Australia’s big four banks look set to meet the regulator’s target of being in the top quartile of capitalised banks, globally, but they are far from done as far as capital raisings are concerned.
On Monday, a study released by the Australian Prudential Regulation Authority showed that Australia’s major banks made the top quartile cut-off of capitalised banks in the world, with the average sitting 40 basis points above the common equity target at December 2015.
However, the regulator told the banks that their capital ratios would need to increase further as new rules forced international banks to increase their capital ratios.
UBS analyst Jon Mott said that given new global rules dubbed ‘Basel IV’ have yet to be finalised and APRA’s interpretation of “unquestionably strong” is yet to be set, estimating the quantum of capital still required was difficult.
“However, we believe it is likely to be substantial, potentially exceeding the capital raisings undertaken in 2015,” he said.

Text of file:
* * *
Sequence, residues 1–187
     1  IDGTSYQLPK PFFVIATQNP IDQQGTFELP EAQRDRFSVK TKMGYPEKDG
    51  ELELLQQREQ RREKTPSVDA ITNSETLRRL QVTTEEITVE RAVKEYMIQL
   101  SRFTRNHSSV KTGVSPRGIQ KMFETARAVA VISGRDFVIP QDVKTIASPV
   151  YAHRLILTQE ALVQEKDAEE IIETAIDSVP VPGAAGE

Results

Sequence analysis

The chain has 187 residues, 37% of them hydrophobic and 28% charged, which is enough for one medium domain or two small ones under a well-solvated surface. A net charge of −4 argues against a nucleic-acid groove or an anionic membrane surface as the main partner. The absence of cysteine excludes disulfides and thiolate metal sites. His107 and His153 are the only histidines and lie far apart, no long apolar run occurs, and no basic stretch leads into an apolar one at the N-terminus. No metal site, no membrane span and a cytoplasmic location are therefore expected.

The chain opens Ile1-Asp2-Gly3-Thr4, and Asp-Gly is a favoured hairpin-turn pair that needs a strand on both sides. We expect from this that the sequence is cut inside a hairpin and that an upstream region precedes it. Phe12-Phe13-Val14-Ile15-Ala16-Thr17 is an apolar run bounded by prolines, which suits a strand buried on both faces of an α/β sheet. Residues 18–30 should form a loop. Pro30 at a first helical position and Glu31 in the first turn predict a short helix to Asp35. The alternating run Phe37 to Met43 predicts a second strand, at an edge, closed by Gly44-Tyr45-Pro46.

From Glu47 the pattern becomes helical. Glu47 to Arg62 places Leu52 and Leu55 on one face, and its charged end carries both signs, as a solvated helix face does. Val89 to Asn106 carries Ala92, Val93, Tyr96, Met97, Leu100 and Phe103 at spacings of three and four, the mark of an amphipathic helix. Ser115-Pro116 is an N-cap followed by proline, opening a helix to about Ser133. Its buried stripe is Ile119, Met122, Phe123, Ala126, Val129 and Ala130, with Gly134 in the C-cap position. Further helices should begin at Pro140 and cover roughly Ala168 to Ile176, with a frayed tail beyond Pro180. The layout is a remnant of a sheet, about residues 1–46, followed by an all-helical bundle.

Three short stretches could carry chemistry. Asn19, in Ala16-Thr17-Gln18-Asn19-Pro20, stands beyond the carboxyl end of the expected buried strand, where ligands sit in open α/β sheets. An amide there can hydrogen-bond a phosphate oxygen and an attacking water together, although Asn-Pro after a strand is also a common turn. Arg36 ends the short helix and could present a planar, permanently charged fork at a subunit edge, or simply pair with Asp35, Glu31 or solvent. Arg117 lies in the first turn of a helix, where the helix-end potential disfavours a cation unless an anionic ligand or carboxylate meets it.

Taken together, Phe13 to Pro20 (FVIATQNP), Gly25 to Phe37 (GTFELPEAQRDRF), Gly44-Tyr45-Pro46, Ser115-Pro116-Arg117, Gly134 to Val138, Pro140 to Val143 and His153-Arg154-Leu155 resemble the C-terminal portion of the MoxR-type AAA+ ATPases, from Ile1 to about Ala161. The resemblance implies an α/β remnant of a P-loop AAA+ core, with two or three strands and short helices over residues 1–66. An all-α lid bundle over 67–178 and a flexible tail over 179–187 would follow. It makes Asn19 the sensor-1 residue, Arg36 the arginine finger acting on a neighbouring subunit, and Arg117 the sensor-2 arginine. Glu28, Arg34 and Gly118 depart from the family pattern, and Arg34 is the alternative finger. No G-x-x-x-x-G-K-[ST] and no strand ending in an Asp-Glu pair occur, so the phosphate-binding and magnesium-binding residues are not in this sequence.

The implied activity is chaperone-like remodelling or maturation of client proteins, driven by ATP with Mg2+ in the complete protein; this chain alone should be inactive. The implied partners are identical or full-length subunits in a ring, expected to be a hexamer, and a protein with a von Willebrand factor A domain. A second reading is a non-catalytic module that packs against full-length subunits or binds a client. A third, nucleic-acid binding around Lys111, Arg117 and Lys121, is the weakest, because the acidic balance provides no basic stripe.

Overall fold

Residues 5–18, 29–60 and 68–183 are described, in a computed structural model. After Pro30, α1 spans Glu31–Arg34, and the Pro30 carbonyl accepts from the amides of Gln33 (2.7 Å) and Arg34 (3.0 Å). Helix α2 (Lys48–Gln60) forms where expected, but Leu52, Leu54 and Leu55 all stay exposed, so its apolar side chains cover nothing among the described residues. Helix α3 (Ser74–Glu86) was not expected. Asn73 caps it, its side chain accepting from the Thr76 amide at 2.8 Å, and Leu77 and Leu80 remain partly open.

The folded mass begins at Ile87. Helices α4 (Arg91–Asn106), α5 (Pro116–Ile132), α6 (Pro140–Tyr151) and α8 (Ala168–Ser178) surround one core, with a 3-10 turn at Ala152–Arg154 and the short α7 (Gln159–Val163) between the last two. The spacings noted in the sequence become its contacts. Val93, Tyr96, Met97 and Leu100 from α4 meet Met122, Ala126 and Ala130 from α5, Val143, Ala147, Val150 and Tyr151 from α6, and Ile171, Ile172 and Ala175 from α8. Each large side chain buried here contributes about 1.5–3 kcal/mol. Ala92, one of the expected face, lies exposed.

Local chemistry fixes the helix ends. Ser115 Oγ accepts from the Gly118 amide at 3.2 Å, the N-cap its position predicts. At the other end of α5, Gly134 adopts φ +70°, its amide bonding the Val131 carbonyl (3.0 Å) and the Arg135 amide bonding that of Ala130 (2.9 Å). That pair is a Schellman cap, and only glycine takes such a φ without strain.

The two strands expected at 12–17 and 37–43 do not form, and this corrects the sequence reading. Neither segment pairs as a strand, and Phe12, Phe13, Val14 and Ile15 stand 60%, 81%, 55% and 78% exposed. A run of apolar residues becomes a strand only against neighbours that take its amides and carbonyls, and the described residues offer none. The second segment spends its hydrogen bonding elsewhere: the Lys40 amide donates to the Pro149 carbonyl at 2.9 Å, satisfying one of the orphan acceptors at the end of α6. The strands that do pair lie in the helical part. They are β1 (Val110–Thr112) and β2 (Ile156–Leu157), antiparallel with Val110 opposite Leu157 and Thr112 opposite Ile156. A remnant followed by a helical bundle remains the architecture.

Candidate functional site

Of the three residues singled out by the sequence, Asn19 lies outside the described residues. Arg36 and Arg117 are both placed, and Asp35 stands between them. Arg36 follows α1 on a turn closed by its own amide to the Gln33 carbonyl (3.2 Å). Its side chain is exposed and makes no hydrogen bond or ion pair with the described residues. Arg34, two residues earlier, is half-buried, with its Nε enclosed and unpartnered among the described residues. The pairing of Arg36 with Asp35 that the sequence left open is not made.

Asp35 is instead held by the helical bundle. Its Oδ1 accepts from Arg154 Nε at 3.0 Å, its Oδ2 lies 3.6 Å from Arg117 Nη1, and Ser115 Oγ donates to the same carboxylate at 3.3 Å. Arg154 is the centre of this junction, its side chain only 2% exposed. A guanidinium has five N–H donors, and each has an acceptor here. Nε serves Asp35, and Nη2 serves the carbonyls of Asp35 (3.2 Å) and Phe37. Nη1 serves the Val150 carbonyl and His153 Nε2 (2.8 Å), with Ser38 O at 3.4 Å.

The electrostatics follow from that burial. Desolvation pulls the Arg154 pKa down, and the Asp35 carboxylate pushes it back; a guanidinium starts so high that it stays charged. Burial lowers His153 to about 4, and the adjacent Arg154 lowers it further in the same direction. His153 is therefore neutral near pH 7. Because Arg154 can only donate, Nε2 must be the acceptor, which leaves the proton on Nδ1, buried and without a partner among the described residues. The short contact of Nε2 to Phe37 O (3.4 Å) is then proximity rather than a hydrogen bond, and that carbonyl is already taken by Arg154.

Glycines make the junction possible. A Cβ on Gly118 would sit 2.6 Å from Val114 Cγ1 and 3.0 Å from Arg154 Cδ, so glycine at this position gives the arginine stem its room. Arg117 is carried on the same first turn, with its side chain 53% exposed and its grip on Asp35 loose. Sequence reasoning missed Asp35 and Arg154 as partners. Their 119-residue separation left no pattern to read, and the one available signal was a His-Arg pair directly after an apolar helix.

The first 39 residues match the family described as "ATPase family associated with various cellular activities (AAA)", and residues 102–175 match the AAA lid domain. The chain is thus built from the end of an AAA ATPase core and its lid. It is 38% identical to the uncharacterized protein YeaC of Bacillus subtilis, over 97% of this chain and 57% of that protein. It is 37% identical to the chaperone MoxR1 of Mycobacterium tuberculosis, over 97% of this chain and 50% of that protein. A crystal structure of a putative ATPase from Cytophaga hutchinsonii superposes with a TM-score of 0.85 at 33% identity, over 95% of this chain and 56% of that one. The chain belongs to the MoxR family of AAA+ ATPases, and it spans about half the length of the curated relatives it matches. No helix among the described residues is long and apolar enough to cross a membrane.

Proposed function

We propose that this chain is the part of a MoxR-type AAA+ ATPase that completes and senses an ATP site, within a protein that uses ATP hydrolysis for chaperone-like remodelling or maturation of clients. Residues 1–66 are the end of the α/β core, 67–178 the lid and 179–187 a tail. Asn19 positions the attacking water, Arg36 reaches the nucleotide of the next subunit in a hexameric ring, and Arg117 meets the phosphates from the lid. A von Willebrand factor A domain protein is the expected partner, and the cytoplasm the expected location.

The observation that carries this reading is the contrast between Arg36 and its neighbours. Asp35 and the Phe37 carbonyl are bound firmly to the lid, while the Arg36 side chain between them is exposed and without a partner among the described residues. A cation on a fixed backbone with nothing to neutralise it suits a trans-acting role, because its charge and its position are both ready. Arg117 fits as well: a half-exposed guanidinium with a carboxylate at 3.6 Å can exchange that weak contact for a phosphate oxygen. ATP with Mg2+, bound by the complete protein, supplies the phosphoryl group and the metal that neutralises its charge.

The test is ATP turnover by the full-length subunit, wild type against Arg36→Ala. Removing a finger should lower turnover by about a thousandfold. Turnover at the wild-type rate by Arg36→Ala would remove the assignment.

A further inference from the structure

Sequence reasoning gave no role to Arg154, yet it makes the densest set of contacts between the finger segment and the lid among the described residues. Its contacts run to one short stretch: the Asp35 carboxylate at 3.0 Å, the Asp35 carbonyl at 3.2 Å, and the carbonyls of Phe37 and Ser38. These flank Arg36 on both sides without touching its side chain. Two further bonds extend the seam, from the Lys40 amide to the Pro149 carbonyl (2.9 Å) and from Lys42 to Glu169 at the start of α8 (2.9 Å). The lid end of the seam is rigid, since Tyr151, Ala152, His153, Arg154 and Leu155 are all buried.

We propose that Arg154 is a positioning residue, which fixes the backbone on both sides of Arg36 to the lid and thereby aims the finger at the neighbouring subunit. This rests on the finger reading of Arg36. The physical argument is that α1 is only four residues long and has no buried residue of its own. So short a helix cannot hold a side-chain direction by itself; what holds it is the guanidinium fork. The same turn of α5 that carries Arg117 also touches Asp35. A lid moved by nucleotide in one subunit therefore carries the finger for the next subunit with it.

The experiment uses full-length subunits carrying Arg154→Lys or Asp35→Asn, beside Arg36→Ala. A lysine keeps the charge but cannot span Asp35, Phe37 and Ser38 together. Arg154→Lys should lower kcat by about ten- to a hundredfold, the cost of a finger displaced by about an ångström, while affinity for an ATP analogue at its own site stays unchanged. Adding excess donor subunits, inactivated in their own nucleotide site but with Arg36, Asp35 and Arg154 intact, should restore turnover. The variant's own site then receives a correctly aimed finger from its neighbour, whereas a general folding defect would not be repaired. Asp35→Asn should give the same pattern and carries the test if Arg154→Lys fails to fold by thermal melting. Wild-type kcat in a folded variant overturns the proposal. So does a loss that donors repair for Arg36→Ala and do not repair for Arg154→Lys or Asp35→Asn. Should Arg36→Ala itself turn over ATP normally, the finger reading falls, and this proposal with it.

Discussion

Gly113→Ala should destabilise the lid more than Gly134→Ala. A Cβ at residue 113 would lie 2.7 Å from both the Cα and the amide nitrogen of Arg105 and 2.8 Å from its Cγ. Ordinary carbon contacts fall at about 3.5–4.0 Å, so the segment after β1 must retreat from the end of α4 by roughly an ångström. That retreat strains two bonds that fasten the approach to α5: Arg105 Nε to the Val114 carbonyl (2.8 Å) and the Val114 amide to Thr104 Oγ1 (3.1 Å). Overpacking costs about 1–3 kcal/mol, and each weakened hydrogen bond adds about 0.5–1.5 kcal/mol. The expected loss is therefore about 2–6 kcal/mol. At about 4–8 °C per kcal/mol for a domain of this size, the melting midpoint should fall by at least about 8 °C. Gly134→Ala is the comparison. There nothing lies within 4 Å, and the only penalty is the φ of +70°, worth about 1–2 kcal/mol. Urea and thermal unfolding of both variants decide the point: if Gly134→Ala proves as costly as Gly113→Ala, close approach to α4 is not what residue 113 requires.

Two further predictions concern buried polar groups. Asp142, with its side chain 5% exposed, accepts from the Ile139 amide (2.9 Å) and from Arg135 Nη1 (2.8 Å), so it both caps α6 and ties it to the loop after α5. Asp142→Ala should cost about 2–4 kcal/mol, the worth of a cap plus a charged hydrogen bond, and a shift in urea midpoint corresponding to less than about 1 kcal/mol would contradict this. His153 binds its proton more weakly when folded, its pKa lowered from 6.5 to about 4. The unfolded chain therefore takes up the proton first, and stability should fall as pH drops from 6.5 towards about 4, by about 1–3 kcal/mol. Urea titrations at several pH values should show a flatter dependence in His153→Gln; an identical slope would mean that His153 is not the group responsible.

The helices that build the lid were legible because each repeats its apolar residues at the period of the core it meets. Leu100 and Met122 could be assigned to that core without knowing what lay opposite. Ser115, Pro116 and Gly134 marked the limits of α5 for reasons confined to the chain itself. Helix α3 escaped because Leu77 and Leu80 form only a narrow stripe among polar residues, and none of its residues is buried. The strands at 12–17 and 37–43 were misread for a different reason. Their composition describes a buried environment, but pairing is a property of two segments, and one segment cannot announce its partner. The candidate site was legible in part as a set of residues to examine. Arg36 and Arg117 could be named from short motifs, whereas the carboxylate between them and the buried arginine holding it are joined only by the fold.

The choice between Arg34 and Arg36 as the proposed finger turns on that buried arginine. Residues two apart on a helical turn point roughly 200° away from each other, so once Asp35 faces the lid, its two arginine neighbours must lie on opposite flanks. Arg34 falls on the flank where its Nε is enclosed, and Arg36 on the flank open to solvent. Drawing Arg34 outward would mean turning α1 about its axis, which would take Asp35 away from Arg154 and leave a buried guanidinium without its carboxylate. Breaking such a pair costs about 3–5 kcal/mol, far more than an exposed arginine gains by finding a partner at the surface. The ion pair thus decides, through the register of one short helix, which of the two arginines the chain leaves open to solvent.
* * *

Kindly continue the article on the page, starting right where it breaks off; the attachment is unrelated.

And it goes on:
Banks are required to hold capital to absorb expected and unexpected losses that may arise from bad debts. Capital is predominantly made up of shareholder equity. The more capital a bank is required to hold, the lower the return on that equity.
In 2015, Australia’s banks raised $21.5 billion of capital via discounted rights issues share purchase plans, placements to institutions and dividend reinvestment plans. The banks also divested assets, offshore businesses and other holdings to boost capital in an effort to meet new higher capital standards.
The next leg of the race for capital could begin sooner rather than later, he said.